For What Its Worth - Spring/Summer 2006
Spring/Summer 2006 PDF
Despite the statistic that only about 2 percent of estates pay estate taxes, the estate tax brings in around $70 billion a year in tax revenues. If repealed, some say the total loss of revenue over a 10 year period would exceed $700 billion plus interest. Yet, many Republicans are still pushing for a full repeal of the estate tax and will lobby Democratic senators strongly until a Senate vote scheduled for May.
Even with strong lobbying efforts, repeal is still a long shot. Sixty votes are needed for approval, and proponents are still a few votes shy of the mark. A compromise, however, may be on the horizon. According a recent Kiplinger Tax Letter, lawmakers are expected to eventually approve an exemption in the $5 million range, with the top estate tax rate of 46% reduced to 25 – 30%.
In any event, the increase in the exemption will necessitate a review of most Wills and many of the Credit Shelter Trusts may be set up in those Wills. Credit Shelter Trusts are primarily set up for income to go to a surviving spouse for his or her lifetime with the principal going to nonspousal heirs at the death of the spouse. These trusts are generally funded with assets to use up part or all of the estate tax exemption amount. The transfer isn’t taxed, and the rest of the assets can pass to a surviving spouse free of estate tax through the marital deduction. The higher exemption can create problems for surviving spouses when a trust’s funding formula is pegged to the amount of the exemption. As the exemption increases, more assets go into the trust for the nonspousal heirs leaving less assets outright to the surviving spouse. This may cause a serious unintended result for a surviving spouse.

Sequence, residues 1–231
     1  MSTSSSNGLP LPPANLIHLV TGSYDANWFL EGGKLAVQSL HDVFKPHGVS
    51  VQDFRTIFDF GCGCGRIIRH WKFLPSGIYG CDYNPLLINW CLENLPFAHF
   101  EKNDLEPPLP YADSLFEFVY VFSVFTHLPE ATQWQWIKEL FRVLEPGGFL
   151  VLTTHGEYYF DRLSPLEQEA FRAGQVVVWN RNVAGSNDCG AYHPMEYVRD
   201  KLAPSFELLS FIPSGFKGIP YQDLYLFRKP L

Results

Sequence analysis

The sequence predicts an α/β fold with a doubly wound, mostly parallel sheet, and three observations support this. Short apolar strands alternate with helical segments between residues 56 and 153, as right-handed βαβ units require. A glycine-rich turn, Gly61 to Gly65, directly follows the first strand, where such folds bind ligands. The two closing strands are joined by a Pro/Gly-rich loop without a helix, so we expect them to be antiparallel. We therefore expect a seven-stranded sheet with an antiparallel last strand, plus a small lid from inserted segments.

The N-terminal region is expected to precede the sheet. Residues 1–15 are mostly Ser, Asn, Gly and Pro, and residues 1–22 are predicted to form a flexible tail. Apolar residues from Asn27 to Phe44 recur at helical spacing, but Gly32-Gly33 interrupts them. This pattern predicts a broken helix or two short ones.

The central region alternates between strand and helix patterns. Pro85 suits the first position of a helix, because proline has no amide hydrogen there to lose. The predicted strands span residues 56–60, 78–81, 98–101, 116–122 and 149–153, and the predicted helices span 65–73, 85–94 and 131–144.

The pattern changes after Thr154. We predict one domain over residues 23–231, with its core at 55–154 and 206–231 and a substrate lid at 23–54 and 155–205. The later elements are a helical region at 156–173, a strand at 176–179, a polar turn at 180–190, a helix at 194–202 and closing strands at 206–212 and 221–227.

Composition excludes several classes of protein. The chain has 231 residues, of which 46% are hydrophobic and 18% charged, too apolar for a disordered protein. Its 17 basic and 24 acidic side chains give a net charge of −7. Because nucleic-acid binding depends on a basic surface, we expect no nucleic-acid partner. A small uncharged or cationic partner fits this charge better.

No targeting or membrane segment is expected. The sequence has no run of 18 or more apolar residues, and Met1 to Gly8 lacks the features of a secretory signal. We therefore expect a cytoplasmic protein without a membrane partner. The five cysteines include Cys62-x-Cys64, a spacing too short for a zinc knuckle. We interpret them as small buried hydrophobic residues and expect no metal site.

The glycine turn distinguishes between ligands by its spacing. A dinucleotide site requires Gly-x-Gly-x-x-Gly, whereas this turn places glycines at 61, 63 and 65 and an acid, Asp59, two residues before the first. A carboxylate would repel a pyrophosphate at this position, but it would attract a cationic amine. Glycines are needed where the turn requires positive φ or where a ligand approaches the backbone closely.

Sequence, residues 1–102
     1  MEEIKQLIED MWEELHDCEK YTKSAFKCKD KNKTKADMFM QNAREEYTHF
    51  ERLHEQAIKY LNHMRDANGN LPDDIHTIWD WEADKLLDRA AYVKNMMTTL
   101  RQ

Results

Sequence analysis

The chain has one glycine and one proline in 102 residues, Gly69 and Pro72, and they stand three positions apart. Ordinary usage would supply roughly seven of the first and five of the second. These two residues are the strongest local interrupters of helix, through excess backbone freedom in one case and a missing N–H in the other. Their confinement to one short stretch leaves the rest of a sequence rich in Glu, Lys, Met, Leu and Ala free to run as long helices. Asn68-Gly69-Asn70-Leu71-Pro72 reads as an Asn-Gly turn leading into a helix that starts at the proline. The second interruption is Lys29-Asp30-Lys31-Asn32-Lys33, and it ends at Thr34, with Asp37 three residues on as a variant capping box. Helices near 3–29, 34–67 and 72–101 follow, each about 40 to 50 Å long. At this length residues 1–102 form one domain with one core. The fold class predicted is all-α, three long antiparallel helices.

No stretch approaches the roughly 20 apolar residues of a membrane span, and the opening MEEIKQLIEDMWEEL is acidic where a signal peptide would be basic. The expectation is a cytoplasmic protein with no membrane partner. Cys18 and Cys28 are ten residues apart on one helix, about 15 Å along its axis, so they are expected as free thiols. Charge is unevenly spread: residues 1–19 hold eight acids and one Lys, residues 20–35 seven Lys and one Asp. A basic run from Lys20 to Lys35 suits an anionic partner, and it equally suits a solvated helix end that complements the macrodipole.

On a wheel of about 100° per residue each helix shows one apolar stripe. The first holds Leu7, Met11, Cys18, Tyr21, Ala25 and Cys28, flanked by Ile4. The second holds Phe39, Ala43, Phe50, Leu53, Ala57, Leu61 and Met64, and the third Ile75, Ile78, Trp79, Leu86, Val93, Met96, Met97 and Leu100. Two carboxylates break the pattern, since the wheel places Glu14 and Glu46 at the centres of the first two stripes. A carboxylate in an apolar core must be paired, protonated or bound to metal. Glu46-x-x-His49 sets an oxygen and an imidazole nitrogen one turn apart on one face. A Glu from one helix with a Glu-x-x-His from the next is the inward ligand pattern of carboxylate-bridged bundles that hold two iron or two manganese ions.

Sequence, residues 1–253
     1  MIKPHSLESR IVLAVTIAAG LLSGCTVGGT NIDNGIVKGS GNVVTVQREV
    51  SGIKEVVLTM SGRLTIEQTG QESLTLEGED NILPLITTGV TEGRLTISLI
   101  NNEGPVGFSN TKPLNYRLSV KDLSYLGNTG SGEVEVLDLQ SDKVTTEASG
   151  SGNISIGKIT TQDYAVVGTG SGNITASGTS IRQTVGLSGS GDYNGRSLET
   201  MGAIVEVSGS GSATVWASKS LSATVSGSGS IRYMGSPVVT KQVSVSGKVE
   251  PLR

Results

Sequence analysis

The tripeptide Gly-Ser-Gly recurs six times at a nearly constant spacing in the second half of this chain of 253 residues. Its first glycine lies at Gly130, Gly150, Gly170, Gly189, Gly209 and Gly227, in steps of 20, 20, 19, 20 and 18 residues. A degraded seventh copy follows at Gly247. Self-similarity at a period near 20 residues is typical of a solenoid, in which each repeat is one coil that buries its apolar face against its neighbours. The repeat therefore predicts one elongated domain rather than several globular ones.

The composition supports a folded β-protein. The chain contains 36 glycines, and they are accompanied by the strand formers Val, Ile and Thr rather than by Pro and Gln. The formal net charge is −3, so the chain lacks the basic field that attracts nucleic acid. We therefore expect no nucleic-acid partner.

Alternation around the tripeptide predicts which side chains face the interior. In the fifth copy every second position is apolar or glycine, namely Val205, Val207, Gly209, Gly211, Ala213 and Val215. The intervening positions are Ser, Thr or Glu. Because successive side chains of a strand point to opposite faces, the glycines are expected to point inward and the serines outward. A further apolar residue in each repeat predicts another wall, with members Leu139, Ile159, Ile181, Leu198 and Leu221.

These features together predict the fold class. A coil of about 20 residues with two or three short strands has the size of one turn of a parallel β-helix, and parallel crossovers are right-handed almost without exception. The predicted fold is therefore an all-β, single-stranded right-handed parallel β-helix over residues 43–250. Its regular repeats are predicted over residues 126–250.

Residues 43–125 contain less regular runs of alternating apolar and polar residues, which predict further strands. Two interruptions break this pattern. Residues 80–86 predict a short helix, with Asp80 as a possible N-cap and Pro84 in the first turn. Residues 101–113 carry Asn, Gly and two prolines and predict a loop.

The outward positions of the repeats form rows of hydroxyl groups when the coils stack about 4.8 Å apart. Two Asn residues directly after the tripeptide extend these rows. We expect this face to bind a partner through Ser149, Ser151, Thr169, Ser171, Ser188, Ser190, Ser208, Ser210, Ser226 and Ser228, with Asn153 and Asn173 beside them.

FWIW - Spring/Summer 2006
FWIW is intended to inform readers of developments in the field of valuation. The articles written may, or may not, reflect the opinion of the authors. Please note, any advice contained in this publication was not intended, or written, to be used, and cannot be used, for the purpose of (i) avoiding penalties under the Internal Revenue Code or (ii) promoting, marketing or recommending to another party any transaction or matter addressed herein. This publication is distributed with the understanding that the publisher and distributor are not providing legal, accounting or other professional advice and assume no liability whatsoever in conjunction with the information contained within this publication.